Fifty-five percent of rural Nebraskans say their financial situation is very dependent on the agricultural industry, according to the 2017 Nebraska Rural Poll.
Another 23 percent say some of their economic well-being is tied to agriculture. These ties are particularly strong in smaller communities and in the state’s North Central region, the poll shows.
Similarly, 81 percent of respondents say their community’s well-being is closely linked to agriculture and 13 percent say it is somewhat tied to the industry.
Despite these connections, the current downturn in the ag economy has not caused most rural Nebraskans to worry. According to the first batch of findings from this year’s Rural Poll – the largest annual poll of rural Nebraskans’ perceptions on quality of life and policy issues – nearly 60 percent of respondents say their job/income security is about the same as it was a year ago. Just over three in 10 are either more concerned or much more concerned. In contrast, over six in 10 rural Nebraskans were worried about their finances during the national recession in 2009.
Rural Nebraskans seem to acknowledge the cyclical nature of the ag economy. When asked to compare the current downturn to previous ones, 42 percent of those surveyed believe this one is about the same and 23 percent believe it is worse. Eleven percent say this one is better.
“In 2009, recession fear was dominating national news,” said Randy Cantrell, rural sociologist with the Nebraska Rural Futures Institute. “So while the agricultural economy may actually be more central to that of a given community, residents may be less aware of events in that sector than they were of more generalized events in 2009.”
Over four in 10 people in agricultural, sales or office-support jobs are more concerned about their financial security than they were a year ago, the poll shows.
“The concern about job and income security was much more widespread outside of agriculture in 2009, while the concern in 2017 seems to be largely coming from agriculture and sales, where agricultural spending on Main Street and on big-ticket items has been affected,” said Brad Lubben, assistant professor of agricultural economics with Nebraska Extension.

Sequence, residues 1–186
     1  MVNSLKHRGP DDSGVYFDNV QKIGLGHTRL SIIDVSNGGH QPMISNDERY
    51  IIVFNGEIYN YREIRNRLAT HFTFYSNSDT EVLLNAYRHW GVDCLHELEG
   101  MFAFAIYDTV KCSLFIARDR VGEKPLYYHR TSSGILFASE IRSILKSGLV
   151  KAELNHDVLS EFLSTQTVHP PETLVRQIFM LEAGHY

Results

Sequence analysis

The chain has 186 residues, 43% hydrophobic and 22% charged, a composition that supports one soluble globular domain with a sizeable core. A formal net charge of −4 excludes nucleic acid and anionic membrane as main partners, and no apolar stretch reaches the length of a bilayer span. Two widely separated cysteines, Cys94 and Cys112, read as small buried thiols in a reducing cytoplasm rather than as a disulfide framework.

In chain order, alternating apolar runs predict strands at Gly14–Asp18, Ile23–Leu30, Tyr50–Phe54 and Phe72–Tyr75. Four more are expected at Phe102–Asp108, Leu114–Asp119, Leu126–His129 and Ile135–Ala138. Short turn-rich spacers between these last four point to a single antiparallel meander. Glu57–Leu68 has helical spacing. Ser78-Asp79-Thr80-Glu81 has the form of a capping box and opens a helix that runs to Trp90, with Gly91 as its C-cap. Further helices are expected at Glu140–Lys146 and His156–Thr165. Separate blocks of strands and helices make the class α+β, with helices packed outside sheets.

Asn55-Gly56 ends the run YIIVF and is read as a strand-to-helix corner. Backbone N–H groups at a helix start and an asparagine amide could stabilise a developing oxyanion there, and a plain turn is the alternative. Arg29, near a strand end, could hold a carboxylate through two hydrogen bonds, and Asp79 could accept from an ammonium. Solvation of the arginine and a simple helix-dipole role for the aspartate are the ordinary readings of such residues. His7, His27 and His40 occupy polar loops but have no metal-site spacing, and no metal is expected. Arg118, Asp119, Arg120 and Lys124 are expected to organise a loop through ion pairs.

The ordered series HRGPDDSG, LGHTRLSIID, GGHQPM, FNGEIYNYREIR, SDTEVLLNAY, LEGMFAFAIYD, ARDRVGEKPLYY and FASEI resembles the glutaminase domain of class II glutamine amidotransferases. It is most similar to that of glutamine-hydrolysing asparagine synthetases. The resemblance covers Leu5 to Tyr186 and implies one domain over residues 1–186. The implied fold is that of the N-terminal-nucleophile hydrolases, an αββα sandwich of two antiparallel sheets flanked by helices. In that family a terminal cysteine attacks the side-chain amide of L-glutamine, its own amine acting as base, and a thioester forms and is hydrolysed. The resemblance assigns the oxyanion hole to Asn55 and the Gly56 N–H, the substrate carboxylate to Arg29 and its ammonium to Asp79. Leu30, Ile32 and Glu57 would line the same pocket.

Though most respondents aren’t concerned about job or income security, 31 percent are very uncertain and 26 percent are somewhat uncertain they could find the kind of job they are looking for in their community. This uncertainty is higher for people living in or near smaller towns and villages.
“This seems to be a realistic evaluation of local economic conditions,” Cantrell said. “Certainly it is true that rural Nebraska in general has a growing need for skilled, well-trained workers. However, demand for a specific skill is likely to be more limited in a given rural community. So for skilled workers, losing a job in a rural community is likely to require relocation.”
The 22nd annual University of Nebraska-Lincoln poll was sent to 6,244 households in 86 Nebraska counties in March and April. Results are based on 1,972 responses, a response rate of 32 percent. The margin of error is plus or minus 2 percent. Complete results are available at http://ruralpoll.unl.edu.
The university’s Department of Agricultural Economics conducts the poll in cooperation with the Nebraska Rural Futures Institute with funding from Nebraska Extension and the Agricultural Research Division in the university’s Institute of Agriculture and Natural Resources.